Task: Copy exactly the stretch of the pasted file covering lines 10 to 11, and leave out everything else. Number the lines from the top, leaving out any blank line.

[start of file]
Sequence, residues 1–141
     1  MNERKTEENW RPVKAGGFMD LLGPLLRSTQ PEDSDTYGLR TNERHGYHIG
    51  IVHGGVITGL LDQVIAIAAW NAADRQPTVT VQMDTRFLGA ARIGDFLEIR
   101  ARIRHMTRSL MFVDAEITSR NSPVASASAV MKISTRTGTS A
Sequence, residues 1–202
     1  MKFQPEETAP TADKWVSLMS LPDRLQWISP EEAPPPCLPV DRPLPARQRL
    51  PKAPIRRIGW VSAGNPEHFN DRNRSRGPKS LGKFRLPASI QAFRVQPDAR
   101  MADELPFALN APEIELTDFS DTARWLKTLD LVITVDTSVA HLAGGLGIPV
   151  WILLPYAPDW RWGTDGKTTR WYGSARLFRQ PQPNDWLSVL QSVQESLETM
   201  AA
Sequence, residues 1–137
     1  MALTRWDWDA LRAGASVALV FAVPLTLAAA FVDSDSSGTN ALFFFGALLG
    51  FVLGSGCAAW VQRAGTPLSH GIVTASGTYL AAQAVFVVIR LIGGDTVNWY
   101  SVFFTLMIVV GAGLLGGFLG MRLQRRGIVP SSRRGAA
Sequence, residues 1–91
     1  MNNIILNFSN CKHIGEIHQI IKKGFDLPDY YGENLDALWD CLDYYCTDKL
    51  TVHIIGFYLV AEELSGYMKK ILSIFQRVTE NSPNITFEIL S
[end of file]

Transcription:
   201  AA
Sequence, residues 1–137